Experts Call for Study, Not Panic, in Response to Animal-to-Human COVID-19 Variants
Animals and people who have suffered chronic COVID-19 infections may be causing new coronavirus variants to surface.
But that’s no reason to panic, experts say.
Chronic COVID-19 is rare and has been reported only in people with severely depressed immune systems. It differs from “long COVID,” which is when symptoms persist after patients recover from their initial infection, according to Grace C. Roberts, a research fellow of virology at the University of Leeds in England.
“While new COVID variants do appear more likely to form in patients with chronic infections, the good news is they don’t seem to pose a significant threat,” Roberts wrote in The Conversation.
Citing a study published on nature.com, Roberts wrote that the majority of new variants in chronically infected patients are unlikely to spread to other people.
As of August 10, health experts were analyzing COVID-19 variant BA.2.75 — also called “centaurus” — which was rising rapidly in India. A number of studies suggested that BA.2.75 and the highly transmissible BA.5 variant had similar capacities to dodge immunity.
But experts such as Shahid Jameel, a virologist at the University of Oxford, say centaurus may not dramatically increase COVID-19 cases outside India, if population immunity there is high and the variant does not acquire many extra mutations.
“We’re coming to a point where these variants are sort of competing with each other and they’re almost equivalent,” Jameel told nature.com. “I think people who have had BA.5 will not have breakthrough infections with BA.2.75, and vice versa.”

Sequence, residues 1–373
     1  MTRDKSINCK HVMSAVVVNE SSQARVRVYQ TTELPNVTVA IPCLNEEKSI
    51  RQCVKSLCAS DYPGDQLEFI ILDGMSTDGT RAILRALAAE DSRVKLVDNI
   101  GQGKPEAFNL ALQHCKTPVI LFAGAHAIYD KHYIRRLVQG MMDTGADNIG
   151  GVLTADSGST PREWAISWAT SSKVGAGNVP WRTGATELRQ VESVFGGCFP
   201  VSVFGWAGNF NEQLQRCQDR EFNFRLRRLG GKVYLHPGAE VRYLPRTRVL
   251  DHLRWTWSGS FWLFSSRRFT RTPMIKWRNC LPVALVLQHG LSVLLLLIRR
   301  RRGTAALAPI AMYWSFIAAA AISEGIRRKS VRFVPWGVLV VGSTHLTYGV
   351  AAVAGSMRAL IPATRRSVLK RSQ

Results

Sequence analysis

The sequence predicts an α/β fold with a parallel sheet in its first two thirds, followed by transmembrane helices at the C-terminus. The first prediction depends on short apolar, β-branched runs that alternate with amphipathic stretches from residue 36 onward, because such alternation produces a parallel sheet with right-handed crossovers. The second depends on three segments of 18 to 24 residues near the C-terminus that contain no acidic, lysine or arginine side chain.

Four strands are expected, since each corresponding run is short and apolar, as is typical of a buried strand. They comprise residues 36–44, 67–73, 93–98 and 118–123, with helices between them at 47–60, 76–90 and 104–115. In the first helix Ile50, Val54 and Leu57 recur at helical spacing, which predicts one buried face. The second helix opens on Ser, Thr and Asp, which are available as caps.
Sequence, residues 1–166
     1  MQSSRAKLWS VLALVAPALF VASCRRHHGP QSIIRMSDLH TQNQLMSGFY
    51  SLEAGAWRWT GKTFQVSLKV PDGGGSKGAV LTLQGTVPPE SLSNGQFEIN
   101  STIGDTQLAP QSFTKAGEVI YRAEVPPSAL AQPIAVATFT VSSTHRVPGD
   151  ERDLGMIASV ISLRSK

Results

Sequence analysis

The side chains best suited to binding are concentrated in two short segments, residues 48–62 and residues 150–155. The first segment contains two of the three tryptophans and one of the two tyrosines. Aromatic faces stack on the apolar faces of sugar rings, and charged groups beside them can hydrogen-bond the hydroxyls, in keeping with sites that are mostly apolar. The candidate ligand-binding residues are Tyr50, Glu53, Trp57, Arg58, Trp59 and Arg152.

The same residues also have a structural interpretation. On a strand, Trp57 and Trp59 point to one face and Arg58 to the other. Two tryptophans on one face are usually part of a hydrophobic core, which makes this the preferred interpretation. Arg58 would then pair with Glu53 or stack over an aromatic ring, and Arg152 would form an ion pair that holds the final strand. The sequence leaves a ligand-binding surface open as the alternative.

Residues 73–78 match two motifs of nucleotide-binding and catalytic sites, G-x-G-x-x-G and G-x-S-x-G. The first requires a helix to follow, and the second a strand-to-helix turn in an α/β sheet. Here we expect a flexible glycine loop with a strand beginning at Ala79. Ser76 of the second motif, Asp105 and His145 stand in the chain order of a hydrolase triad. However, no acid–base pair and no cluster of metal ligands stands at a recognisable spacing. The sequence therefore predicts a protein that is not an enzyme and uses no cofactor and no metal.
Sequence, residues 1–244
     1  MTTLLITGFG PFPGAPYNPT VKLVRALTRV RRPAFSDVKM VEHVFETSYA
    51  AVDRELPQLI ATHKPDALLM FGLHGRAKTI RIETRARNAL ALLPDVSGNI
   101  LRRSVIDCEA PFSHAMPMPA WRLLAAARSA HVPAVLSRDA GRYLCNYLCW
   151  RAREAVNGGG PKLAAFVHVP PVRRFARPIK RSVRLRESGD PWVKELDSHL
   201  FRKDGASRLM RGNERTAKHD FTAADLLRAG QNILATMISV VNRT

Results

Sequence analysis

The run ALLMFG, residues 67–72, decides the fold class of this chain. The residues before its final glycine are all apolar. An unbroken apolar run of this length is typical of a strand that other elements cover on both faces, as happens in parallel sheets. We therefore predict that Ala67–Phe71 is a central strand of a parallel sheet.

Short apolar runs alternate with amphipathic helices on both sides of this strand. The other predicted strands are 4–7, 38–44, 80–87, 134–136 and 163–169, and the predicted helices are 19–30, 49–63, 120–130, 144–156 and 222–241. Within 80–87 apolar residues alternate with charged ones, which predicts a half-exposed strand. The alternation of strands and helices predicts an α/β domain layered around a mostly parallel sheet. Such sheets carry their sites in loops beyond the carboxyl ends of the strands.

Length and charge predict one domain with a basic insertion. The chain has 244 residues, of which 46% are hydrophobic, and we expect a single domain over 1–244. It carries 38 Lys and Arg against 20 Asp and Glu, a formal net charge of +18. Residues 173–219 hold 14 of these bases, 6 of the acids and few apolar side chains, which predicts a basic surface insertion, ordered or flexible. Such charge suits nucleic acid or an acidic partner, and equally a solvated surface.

Zoonotic and Reverse Zoonotic Outbreaks
Zoononotic diseases, which can spread from animals to humans, are common, as up to 75% of emerging infectious diseases in people across the globe come from animals.
In December 2020, for example, the Statens Serum Institut in Denmark identified seven unique mutations in the spike protein of COVID-19 among variants passed from minks to farmers. No people died during the small outbreak and there was no evidence of further transmission from the farm workers into the broader community, Roberts reported.
In July, the World Health Organization reported a 63% rise in the number of zoonotic outbreaks in Africa over the last decade.
Days later, Tanzanian Minister for Health Ummy Mwalimu confirmed 20 cases of leptospirosis, three of which resulted in deaths, according to Kenyan newspaper The Standard. Leptospirosis is a bacterial disease that humans may contract by coming into contact with the urine of an infected animal.
In June, the African Union established its Interagency Group on One Health to develop ways to better monitor and evaluate zoonotic diseases. One Health promotes a collaborative, multi-disciplinary approach to improve health outcomes.
A late 2021 study by the U.S. National Library of Medicine showed that COVID-19’s omicron variant could have spread from humans to mice, where mutations in the virus accumulated for more than a year before being passed back to humans in 2021. That is known as a reverse zoonotic event.
Such transmissions are far less common than zoonotic events, although an earlier National Library of Medicine study concluded that more research on reverse zoonotic events was needed. While omicron is a more highly transmissible variant than previous COVID-19 strains, it causes milder symptoms and fewer hospitalizations and deaths.